LajkaBear OP wrote (edited )

Not to keep you in suspense about how we justify authority:

I’d say humans as a species do decide what is and isn’t just and do have that authority. As it wouldn’t exist without us as it’s subjective.

What justified an authority in my opinion is if it’s consensual, natural, bottom up, or unavoidable to society

And no I’m not a fascist for thinking some hierarchy is okay. I’m simply a realist. We as a people simply determine ourselves what’s wrong or right. That’s just a fact.

And I’m not an Anarchist anymore I found my ideals align more with communalism and libertarian municipalism rather than anarchism. But I’m still willing to work with anarchists.


LajkaBear wrote

With this much emphasis on work (and in an absence of an understanding of how non-governmental hierarchies permeate our societies), I doubt you can actually achieve classlessness and statelessness either.

The idea of anarchy=communism is as absurd as anarchy= liberal democracy because they both share the pursuit of freedom and happiness.


LajkaBear wrote

anarchy is communism in practice

And apparently it's anarchists who always play semantic games...

a stateless, classless, money-less society

The problem is that these three features are barely the tip of an iceberg. Let's talk anti-work for a second, commies, and see where this 'anarchy is communism in practice' takes us. And then let's move onto relational anarchy, veganism, free association, anti-democracy/consensus, etc.

Whaaa, what are you saying commie? You finally agree that anarchy is nothing like communism? GOOD!


LajkaBear wrote

You can just hear that smug nasally drawl -- 'You see, m'lady, there is democracy and Democracy. These are two distinct concepts. Democracy is totally different from the democratically non-democratic democracy because it's democratically DEMOCRATIC. If only people understood that when I say democracy I mean the democratically democratic type of democracy, which is very different from the democratically un-democratic democracy, this world would be dramatically more democratically democratic.'


LajkaBear wrote (edited )

This is just chapter seven unless I am missing something

Go on the website it links to and click on 'full list of audiozines.' Then use the search function for 'the unquiet dead', and you'll get 7 (different) chapters and an introduction.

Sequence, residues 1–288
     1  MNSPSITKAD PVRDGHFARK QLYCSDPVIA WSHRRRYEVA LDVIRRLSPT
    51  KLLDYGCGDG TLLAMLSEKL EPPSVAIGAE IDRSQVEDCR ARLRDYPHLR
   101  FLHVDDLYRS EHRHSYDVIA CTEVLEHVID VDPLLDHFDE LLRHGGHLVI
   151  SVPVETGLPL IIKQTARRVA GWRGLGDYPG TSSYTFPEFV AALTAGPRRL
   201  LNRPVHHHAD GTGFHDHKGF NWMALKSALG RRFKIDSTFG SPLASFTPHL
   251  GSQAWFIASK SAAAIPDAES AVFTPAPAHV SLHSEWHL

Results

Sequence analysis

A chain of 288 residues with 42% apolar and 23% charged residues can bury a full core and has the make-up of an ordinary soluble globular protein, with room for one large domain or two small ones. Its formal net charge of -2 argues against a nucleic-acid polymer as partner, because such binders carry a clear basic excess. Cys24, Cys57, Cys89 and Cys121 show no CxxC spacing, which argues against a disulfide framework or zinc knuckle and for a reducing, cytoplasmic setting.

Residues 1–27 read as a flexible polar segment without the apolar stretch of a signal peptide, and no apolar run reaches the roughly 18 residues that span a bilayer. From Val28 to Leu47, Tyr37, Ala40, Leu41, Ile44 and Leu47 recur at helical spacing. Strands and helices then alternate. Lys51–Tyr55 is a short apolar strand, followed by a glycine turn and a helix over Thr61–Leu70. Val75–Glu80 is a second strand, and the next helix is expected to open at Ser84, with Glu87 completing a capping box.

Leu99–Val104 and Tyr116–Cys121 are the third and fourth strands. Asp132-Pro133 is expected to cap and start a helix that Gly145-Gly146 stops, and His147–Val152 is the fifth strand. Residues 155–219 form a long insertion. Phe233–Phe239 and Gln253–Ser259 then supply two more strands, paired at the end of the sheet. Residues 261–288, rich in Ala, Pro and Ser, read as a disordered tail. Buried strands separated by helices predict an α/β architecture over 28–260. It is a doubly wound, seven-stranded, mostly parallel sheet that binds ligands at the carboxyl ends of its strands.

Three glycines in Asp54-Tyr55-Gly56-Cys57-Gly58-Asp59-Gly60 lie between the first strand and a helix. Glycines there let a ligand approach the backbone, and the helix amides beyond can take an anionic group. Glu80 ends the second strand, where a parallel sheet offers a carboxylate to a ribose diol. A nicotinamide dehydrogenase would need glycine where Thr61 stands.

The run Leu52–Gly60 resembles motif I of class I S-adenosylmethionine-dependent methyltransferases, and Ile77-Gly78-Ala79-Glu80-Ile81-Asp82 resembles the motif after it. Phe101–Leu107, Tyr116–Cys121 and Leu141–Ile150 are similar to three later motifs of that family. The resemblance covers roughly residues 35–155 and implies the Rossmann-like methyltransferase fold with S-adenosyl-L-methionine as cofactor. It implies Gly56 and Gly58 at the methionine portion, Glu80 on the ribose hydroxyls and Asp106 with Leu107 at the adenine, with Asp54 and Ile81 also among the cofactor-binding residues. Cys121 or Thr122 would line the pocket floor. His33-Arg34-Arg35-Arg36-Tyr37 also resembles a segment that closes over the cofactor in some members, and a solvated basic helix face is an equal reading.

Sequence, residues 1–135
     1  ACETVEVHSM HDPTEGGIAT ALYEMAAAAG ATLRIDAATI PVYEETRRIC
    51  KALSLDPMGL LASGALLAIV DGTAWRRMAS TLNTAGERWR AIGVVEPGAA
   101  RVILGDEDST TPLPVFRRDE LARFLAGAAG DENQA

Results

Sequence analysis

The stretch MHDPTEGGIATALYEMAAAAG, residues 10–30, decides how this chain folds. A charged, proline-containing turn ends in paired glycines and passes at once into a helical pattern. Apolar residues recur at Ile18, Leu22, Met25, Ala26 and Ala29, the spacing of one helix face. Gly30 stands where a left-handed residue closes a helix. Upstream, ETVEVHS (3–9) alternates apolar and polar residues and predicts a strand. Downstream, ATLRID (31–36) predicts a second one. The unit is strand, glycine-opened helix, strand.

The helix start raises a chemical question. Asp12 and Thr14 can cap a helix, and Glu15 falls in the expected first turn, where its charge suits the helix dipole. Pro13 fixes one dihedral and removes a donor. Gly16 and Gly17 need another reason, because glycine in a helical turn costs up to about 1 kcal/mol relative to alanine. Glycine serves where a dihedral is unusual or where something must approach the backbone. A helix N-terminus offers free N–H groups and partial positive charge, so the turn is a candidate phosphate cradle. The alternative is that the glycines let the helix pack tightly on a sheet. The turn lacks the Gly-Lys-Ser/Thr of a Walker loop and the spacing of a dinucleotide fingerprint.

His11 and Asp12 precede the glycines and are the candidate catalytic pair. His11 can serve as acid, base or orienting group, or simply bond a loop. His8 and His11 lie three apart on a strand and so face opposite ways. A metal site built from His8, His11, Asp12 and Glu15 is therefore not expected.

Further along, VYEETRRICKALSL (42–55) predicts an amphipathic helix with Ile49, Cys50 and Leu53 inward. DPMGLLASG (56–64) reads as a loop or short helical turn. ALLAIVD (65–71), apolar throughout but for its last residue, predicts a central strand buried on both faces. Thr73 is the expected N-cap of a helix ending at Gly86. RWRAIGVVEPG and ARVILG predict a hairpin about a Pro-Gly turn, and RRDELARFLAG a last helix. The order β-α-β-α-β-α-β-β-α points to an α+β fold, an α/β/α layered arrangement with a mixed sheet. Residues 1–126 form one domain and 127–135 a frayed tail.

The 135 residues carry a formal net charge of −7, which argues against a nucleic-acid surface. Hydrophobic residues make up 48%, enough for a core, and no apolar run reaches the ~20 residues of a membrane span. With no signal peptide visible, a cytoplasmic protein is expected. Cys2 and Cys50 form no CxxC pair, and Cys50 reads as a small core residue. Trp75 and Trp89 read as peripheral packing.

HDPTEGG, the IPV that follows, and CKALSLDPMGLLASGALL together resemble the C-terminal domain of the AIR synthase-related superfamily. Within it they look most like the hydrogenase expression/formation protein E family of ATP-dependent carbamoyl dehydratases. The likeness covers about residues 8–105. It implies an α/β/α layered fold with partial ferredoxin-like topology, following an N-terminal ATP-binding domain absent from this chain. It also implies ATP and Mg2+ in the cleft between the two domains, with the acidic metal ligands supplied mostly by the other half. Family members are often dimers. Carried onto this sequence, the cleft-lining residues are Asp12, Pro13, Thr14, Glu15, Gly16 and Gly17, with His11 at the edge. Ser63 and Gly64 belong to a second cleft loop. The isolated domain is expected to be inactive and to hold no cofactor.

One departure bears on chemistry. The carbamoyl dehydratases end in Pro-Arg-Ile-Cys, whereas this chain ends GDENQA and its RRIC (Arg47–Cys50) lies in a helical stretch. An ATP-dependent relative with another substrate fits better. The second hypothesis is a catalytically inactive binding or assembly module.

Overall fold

LajkaBear wrote (edited )

Anarchism = not a single rock placed atop another?

Correct. Anarchism is when all rocks are flying in a perfectly egalitarian, horizontal manner in the general direction of anybody who suggests that anarchism is a statism with a human face or whatever the fuck you are trying to convey with this really shitty metaphor.


LajkaBear wrote (edited )

Am I missing something?

Is this:

For some who were experiencing it for the first time, the General Assembly became a cathartic opportunity to unload long-pent-up polemics. Perhaps never having really had their political voices heard off the Internet, newcomers would interrupt the agenda and turn the people’s mic into a soapbox. With practice, though, that would change. They’d find that hewing to the process was better than making off-topic speeches. They heard stories about the assemblies in occupied squares in Egypt, Greece and Spain firsthand from people who had been there. Helping shape the daily decisions of the Occupation started to seem actually more empowering than trying to tell Obama what to do.

the great anarcho-democratic contribution to 'decision-making processes'??

The anarchists’ way of operating was changing our very idea of what politics could be in the first place. This was exhilarating. Some occupiers told me they wanted to take it home with them, to organize assemblies in their own communities. It’s no accident, therefore, that when occupations spread around the country, the horizontal assemblies spread too.

Lord help us!